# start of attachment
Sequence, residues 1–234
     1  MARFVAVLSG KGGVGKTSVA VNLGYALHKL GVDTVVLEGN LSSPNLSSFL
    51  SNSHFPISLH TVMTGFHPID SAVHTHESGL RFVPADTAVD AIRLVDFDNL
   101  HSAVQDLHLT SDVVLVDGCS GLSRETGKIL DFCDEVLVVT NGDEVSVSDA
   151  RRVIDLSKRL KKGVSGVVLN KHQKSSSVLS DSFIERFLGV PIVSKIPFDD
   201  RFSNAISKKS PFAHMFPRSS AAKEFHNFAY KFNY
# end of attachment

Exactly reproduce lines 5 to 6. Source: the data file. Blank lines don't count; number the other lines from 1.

   151  RRVIDLSKRL KKGVSGVVLN KHQKSSSVLS DSFIERFLGV PIVSKIPFDD
   201  RFSNAISKKS PFAHMFPRSS AAKEFHNFAY KFNY